The new “corporate” business model of healthcare has fueled a dilemma for many clinicians and other healthcare workers who have chosen healthcare typically for its altruism. Private equity investment, the ground-breaking change in physicians becoming employed, for-profit health system acquisitions and more have only exacerbated the stress for those providing healthcare services. These changes in contemporary business practices have led to commercial value systems being instilled into professions that have been traditionally considered moral practice involving care and compassion (Roberts et al., 2012) and which may not be for the better. 

These business changes coupled with the “usual” daily stressors has produced more strain for caregivers in an already stress-laden environment. And the global COVID-19 pandemic exposed the fragility of the entire healthcare system with the intrusion of politics resulting in controversial decision-making about how public health emergencies should be managed; thus, increasing the stress further for healthcare workers and causing a great deal of mistrust in the entire system for the population at large.  

A multitude of studies have shown that nurses and other caregivers already have a heightened propensity for burnout. The very nature of caring for others, sometimes without the ability to set limits (of time, compassion, etc.), potentiates the possibility for burnout. Because burnout is known to result in physical, mental, and social consequences, why hasn’t it been more commonly discussed and addressed? We cannot just keep hoping things will either get better or go back to the pre-pandemic state.  

Not only does burnout have personal consequences, but there are also organizational concerns that all translate to the bottom line, such as retention and turnover, employee satisfaction, clinical outcomes, medical errors, and patient satisfaction. Burnout is not a solely individual problem, as we know it stems from the social environment. Earlier this year, the American Hospital Association published an article about burnout “being the next pandemic” in healthcare (Burnout: The New Pandemic | AHA News):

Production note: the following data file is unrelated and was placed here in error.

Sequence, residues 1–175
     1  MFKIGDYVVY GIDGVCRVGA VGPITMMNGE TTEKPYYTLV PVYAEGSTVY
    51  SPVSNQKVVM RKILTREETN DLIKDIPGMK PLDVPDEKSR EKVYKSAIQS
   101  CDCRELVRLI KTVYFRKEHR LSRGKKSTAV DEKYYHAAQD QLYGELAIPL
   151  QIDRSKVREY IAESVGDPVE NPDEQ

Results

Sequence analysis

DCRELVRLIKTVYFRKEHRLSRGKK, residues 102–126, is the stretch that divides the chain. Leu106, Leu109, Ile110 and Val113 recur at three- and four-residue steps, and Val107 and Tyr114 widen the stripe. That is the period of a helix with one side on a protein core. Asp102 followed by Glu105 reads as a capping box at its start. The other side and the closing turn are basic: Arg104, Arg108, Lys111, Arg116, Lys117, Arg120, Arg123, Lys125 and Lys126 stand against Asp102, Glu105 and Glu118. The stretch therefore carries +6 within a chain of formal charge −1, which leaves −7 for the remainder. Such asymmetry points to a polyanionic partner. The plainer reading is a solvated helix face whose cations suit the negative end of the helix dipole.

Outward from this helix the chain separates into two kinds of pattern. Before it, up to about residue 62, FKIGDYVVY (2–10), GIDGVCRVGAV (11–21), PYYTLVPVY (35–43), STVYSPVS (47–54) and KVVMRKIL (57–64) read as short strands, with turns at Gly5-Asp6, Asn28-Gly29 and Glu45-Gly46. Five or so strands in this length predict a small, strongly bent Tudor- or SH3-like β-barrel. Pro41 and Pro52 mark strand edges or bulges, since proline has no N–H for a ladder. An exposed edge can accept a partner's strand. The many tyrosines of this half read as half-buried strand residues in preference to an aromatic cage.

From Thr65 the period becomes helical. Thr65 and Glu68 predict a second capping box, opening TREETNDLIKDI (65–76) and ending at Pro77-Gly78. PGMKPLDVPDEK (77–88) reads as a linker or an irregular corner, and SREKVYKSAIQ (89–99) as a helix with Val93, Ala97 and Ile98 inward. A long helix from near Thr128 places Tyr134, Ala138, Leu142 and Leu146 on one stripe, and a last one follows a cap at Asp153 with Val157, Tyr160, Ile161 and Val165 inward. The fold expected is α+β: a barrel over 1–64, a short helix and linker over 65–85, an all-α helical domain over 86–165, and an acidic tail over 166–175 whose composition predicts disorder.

“Fortunately, burnout is both avoidable and reversible when hospitals and health systems are willing to take the steps to grow a culture in which every worker has access to ways to decrease stress. Primary coping is taking away the factors causing the stress. Secondary coping is finding ways to deal with the remaining factors that cause stress. Both are needed.” 

Ironically, in the same week on May 24, 2023 Berwick and Williams published an article in Time magazine (Hospitals Need to Focus on Social Drivers of American Health | Time) about how broken the United States healthcare system is – and what those in healthcare can do about it. Most of all healthcare costs are spent once people are already sick on myriad remedial interventions. Since the global COVID-19 pandemic, providers of healthcare services have become “disillusioned” since they know the social drivers of health have been largely ignored for decades leading us to where we find ourselves today — an overwhelming number of patients seeking services for delayed, untreated and/or chronic maladies.